Fans of Neil deGrasse Tyson lined up in the rain five hours before show time to catch an up-close glimpse of the celebrity astrophysicist credited with demoting Pluto, channeling Carl Sagan, and making science cool. “He’s interactive and funny and explains things in a way that makes it easy for anyone to understand,” said Mines alumna Kelsey Kopecky ’13, who arrived at 2 p.m. for the 7 p.m Alumni Weekend lecture at Lockridge Arena on September 30, 2015.
Tyson didn’t disappoint. By the time he wrapped things up near 10 p.m., he’d led a captivated audience of 2,500 on an eye-opening, at-times hilarious, multimedia journey from the birth of the universe to the origin of life and beyond, with detours through black holes, wormholes, and distant Technicolor planets. But first, he opened with a little ribbing: “This has got to be the geekiest audience I’ve ever had,” he said, drawing applause from the 1,500 Mines students in attendance—many of whom camped out overnight to get tickets.
Raised in New York City and educated at Harvard, Tyson has been director of New York City’s Hayden Planetarium since 1996 and a go-to space exploration consultant for U.S. presidents and NASA since 2001. He has written numerous astronomy books, including The Pluto Files: The Rise and Fall of America’s Favorite Planet, which chronicles his key role in the controversial 2001 decision to change Pluto’s status from planet to dwarf planet. “I became the most hated man in the world among third graders,” he told the audience, before sharing a letter written in “angry purple crayon.”
He is perhaps best known as host of “Cosmos: A SpaceTime Odyssey,” the FOX network’s 2014 reimagining of Carl Sagan’s 1980 PBS series. The smash hit has appeared on 181 stations in 47 languages. “This is evidence that science is mainstreaming,” Tyson said. His entertaining delivery may be one reason why.
Tyson began his Mines lecture—titled “Astronomy Bizarre”—with a playful discussion of how “Earth wants to kill you,” noting that 97 percent of species that once existed here are extinct, thanks to tsunamis, earthquakes, climate change, and comet and asteroid impacts from a solar system he likens to a “shooting gallery.” He then took the audience on a dazzling tour of that solar system, courtesy of images from NASA’s New Horizons, Cassini, Voyager, and other spacecraft. Along the way, he cracked many Mines-directed jokes: “Is that really a stick of dynamite in the mouth of your mascot? That is one bad-ass burro.” He also offered students inspiring words: “You see a problem that hasn’t been solved and you run to the front of the line to try to solve it. We need a critical mass of problem solvers like you.”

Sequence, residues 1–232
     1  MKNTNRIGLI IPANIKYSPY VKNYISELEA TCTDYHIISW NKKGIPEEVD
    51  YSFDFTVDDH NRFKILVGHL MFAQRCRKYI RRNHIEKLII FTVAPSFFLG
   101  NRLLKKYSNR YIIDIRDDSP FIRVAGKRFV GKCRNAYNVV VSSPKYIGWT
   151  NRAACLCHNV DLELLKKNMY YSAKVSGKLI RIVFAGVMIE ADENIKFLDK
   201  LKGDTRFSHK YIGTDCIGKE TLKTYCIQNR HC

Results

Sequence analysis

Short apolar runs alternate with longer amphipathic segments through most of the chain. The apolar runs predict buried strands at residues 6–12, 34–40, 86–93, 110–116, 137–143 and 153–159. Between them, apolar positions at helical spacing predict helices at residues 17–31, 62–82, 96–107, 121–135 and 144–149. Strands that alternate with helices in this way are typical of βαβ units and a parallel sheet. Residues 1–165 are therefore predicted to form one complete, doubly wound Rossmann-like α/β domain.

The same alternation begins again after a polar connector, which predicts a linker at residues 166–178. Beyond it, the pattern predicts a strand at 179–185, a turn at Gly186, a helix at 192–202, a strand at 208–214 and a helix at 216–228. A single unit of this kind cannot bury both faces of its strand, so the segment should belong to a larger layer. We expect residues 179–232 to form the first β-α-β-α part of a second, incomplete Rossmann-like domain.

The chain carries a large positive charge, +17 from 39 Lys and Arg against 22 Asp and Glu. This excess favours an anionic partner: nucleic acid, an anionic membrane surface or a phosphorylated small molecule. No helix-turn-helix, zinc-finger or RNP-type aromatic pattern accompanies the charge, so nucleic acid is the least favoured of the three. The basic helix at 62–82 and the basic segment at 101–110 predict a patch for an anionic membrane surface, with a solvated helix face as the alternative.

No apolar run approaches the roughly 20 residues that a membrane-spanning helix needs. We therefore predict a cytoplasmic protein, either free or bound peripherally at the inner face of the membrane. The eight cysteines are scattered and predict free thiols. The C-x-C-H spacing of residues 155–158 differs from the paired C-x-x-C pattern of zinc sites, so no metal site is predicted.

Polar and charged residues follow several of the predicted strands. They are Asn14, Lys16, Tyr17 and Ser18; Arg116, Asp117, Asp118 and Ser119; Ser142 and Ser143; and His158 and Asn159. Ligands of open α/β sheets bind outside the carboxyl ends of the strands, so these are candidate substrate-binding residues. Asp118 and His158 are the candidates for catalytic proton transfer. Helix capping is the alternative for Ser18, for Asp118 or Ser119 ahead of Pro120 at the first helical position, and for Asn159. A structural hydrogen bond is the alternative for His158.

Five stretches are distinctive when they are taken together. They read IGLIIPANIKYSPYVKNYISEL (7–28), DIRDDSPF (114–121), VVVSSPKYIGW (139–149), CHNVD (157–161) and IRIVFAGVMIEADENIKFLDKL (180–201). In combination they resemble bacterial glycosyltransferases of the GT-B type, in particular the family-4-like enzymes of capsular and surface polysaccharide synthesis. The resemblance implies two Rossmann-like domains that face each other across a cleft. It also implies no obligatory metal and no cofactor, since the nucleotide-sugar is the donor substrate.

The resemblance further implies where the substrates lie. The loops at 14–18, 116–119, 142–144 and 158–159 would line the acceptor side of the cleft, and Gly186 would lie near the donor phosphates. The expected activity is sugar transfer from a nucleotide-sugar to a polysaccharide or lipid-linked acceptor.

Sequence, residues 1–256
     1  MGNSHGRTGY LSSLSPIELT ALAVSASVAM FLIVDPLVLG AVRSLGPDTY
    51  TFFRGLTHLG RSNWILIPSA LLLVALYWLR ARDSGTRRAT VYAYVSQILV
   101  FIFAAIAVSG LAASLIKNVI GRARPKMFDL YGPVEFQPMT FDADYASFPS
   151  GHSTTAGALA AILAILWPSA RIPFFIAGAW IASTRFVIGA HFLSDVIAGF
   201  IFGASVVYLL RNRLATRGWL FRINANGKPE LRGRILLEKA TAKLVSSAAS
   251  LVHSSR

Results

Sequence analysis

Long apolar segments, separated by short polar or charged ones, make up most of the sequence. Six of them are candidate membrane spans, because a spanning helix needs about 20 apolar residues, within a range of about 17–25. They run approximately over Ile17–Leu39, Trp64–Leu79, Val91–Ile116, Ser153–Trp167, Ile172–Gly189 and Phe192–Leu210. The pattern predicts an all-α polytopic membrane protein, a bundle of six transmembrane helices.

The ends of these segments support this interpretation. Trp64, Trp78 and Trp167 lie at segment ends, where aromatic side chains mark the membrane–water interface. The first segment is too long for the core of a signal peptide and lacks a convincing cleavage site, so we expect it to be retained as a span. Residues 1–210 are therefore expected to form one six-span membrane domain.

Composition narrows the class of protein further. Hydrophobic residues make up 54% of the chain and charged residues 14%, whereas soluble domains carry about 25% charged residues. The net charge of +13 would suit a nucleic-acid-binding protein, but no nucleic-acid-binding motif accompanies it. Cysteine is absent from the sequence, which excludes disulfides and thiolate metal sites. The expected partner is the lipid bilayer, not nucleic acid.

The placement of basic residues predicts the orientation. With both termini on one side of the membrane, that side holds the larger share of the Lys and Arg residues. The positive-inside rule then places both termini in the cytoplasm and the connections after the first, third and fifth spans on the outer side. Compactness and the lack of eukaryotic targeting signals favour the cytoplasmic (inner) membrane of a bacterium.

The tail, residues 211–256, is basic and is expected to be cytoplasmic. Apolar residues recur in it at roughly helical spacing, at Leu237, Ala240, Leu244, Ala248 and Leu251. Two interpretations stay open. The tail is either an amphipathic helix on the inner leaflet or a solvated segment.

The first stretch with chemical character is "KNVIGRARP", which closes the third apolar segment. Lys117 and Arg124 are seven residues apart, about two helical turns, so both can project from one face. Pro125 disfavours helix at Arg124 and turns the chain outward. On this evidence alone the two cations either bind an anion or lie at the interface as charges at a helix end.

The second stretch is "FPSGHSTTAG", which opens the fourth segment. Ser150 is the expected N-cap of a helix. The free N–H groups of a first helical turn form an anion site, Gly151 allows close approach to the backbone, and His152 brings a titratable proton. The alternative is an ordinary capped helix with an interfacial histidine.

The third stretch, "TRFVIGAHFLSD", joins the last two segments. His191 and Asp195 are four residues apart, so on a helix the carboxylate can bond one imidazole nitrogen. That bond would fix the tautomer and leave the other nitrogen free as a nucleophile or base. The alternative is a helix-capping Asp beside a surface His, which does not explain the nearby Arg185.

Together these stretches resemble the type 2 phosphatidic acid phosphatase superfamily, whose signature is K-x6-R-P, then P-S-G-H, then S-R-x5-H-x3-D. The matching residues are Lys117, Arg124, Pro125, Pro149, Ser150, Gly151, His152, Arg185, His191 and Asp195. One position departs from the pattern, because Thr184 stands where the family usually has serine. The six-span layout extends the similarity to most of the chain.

Tyson also raised provocative questions: Are there multiple universes? Is time travel possible? Could life have originated on another planet and been transported to Earth via microorganisms riding rocks dislodged by an asteroid collision? “That would mean all of us are descended from Martians,” he noted, only half joking.
With the audience still spellbound after two hours, he dimmed the lights and projected a powerful image on screen—a recent photo of Earth (a tiny speck of white in the shadow of Saturn’s rings) shot from Cassini as it orbited Saturn. Some call it the “Pale Blue Dot reprisal,” referring to the famous shot taken from Voyager in 1991 at Sagan’s suggestion. In a fitting conclusion, Tyson closed with a few of his predecessor’s words about that dot:
“That’s here. That’s home. That’s us. To me it underscores our responsibility to deal more kindly and compassionately with each other and preserve and cherish the pale blue dot—the only home we’ve ever known.”